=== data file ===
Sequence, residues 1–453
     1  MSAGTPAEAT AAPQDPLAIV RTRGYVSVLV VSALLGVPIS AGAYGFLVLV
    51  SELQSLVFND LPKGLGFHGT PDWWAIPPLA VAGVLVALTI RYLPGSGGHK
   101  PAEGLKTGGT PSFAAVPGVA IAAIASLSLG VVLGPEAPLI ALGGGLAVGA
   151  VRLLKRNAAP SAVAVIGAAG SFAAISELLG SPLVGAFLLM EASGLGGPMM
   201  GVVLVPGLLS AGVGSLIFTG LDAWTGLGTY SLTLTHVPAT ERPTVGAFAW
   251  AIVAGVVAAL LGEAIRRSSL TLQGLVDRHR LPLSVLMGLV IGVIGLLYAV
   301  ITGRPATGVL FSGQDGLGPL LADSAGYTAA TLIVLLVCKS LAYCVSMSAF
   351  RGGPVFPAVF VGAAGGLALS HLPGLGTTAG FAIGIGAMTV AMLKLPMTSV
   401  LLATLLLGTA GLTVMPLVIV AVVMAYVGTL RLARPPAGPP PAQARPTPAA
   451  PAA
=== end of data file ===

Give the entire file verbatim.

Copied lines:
Sequence, residues 1–453
     1  MSAGTPAEAT AAPQDPLAIV RTRGYVSVLV VSALLGVPIS AGAYGFLVLV
    51  SELQSLVFND LPKGLGFHGT PDWWAIPPLA VAGVLVALTI RYLPGSGGHK
   101  PAEGLKTGGT PSFAAVPGVA IAAIASLSLG VVLGPEAPLI ALGGGLAVGA
   151  VRLLKRNAAP SAVAVIGAAG SFAAISELLG SPLVGAFLLM EASGLGGPMM
   201  GVVLVPGLLS AGVGSLIFTG LDAWTGLGTY SLTLTHVPAT ERPTVGAFAW
   251  AIVAGVVAAL LGEAIRRSSL TLQGLVDRHR LPLSVLMGLV IGVIGLLYAV
   301  ITGRPATGVL FSGQDGLGPL LADSAGYTAA TLIVLLVCKS LAYCVSMSAF
   351  RGGPVFPAVF VGAAGGLALS HLPGLGTTAG FAIGIGAMTV AMLKLPMTSV
   401  LLATLLLGTA GLTVMPLVIV AVVMAYVGTL RLARPPAGPP PAQARPTPAA
   451  PAA